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Sugarcubes selects Samaris

The hushed Icelandic trio puts together an eclectic mix to tell the chilling tales of 1993

Samaris has put together an exclusive mega mix of 1993 tracks that helped to shape their sound. Sugarcubes icon Einar Orn tells us why Samaris is one to watch…

Sugarcubes legend Einar Orn: “Being quiet can be difficult in today’s noise. What do you do to cut through? Samaris embrace the noise with subtle melodies laced with poetry and intricately woven songs. Stuck on an ‘island’ in the middle of the ocean, you hear the silence. They cut through. Shutthefukkup!

"Jurassic Park, the separation of Czechoslovakia, the Rodney King incident, Michael Jordan retires (but thankfully returned): 1993, what a year. Maybe we weren't there to witness all those, and other remarkable events that happened that year, but they sure have influenced our lives and others. And although the songs in this mix were released at the time when the only expression we could make was to cry and smile, they have somehow managed to stick with us our whole lifespan. And therefore, we celebrate them in this little mix of ours, which we hope you (and we) can still enjoy twenty years from now" – Samaris


Aphex Twin - Weathered Stone

Tricky - Suffocated Love

Polygon Window - Bike Pump Meets Bucket

Jamiroquai - Didgin Out

Tha Alkaholiks - Soda Pop

Req - Soul Plot

Björk - Violently Happy (MAW 12'' remix)

m500 & 3mb - the cosmic courier

Quadrant - Infinition (Carl Craig Mix)

3mb feat. Juan Atkins - Jazz Is The teacher (Atkins edit) DJ Shadows and the Groove Robbers - In/Flux Wu-tang Clan - C.R.E.A.M.


Icelandic trio Samaris don’t make background electronica. “We want people to experience something they haven’t experienced before,” says Aslaug Rún Magnúsdóttir, the group’s clarinet player. “We want people to really be a part of the atmosphere we’re creating.” Samaris formed in January 2011 when Magnúsdóttir and Jófrour Akadóttir, her pal from clarinet class, realised they “wanted to do something different, something electronic.” Because the girls “knew nothing about computers,” Magnúsdóttir contacted someone who did, childhood friend þórour Kári Steinþórsson. “We met in the middle and everything just clicked.”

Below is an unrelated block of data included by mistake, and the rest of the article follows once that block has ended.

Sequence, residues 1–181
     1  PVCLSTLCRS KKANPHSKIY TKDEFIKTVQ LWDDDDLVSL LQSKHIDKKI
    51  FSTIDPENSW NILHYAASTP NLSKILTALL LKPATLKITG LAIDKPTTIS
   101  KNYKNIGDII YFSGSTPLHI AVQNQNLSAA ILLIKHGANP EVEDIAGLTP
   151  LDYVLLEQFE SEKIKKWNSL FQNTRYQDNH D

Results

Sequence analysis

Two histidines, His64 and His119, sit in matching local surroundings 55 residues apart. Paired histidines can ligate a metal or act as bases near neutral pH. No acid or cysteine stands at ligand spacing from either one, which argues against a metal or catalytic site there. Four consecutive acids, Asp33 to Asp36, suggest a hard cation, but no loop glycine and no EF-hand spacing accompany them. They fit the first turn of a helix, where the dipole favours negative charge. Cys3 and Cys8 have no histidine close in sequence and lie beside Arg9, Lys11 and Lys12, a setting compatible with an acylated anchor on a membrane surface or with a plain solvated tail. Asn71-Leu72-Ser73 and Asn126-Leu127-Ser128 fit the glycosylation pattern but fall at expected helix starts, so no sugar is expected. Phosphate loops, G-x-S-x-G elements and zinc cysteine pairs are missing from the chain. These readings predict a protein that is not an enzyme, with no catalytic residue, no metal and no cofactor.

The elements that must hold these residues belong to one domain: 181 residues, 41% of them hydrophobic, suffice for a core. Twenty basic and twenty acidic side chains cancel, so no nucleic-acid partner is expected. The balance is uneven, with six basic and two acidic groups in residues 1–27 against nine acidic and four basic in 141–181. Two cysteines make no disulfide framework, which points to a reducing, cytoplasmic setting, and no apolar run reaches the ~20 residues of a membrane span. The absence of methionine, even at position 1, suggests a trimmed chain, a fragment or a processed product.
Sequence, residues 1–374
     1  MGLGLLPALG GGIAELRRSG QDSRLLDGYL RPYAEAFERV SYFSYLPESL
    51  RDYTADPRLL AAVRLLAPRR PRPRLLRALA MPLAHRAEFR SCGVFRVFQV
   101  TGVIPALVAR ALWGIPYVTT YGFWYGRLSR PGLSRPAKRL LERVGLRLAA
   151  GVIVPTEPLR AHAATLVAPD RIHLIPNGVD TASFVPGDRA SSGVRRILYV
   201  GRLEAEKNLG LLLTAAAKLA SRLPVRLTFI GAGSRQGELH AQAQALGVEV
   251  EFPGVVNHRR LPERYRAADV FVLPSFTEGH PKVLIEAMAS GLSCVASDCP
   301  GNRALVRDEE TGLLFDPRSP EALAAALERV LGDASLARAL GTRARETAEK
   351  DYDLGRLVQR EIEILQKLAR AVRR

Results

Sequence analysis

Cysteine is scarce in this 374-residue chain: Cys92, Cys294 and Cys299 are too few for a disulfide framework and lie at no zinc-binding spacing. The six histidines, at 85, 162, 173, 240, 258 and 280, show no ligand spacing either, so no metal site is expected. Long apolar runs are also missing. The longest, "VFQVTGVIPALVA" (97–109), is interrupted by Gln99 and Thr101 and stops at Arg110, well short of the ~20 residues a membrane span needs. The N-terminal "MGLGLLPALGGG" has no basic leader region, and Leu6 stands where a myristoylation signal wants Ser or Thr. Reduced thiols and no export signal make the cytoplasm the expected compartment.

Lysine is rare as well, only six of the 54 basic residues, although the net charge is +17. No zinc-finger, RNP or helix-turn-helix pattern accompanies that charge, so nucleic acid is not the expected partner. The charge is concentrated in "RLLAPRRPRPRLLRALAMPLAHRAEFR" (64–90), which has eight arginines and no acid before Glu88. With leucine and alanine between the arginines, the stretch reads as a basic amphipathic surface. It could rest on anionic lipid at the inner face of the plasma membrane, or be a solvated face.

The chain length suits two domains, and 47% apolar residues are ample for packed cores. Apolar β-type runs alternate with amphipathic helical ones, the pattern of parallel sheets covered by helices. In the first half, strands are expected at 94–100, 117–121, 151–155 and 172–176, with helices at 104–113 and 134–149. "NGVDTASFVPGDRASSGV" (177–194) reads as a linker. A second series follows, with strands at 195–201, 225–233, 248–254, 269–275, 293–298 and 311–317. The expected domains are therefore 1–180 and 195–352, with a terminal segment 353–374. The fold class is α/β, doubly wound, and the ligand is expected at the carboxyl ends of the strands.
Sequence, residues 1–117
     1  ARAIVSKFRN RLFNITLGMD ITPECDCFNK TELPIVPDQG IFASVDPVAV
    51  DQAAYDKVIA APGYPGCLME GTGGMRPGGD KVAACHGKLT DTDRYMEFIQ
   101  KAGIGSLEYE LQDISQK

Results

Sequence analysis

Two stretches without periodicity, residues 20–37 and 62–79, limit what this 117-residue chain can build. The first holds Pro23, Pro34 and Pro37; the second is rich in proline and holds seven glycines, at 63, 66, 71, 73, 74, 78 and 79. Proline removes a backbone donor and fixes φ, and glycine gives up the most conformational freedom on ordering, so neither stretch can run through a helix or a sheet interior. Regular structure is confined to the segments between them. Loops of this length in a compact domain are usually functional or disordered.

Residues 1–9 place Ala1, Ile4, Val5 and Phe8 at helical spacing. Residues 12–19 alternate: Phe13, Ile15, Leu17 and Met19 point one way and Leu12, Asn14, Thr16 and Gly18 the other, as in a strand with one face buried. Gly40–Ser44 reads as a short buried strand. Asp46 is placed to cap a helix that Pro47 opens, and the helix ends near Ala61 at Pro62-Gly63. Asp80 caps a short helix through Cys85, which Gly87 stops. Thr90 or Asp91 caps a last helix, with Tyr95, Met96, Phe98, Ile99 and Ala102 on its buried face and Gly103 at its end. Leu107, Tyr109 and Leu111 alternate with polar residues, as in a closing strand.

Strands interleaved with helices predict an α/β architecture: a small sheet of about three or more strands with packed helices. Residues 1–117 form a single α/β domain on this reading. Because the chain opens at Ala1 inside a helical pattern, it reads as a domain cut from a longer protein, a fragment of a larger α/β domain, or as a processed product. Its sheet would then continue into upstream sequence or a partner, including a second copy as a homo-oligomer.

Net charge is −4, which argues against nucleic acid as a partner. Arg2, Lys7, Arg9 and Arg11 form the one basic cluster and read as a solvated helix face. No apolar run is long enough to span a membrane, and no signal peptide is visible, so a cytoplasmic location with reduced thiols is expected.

Akadóttir became the group’s singer, backed by Steinþórsson’s “weird sounds” and Magnúsdóttir’s clarinet tones. “Our music is a mixture of trip hop and dreamy electronica. It can be dance music, but you can also just chill and go with it.” It’s less contradictory than it sounds: the group’s self-titled album on One Little Indian, a compilation of two Icelandic EPs plus four new remixes, is both calming and stimulating, like a really great massage. “Our music can be melancholic though,” Magnúsdóttir continues. “This comes from our lyrics. We take 19th-century Icelandic poems and fit them to the tracks like a puzzle. We’re connecting the generations. Lots of old Icelandic people recognise these lyrics from their school lessons. Now, in our music, they’re hearing them in a totally different way.”

We take 19th-century Icelandic poems and fit them to the tracks like a puzzle. We’re connecting the generations

Samaris cite Björk’s Debut from 1993, the year when both Magnúsdóttir and Steinþórsson were born, as an early inspiration. “It really exposed the world to the music and nature of Iceland,” Magnúsdóttir enthuses. “I’ve listened to Björk since I don’t know when.” Like the rest of her generation though, Magnúsdóttir’s tastes are gloriously unfettered by genre. “The first album I bought was by Destiny’s Child, and I played it continuously. Those songs 
will never die!”

Samaris also draw energy from the “healthy competition” of Reykjavik’s electro scene. Why is it such a geyser of creativity? “Unlike other countries, we don’t have that national habit of music, those old traditions, so we’re always looking for something new. We always try to think forward.”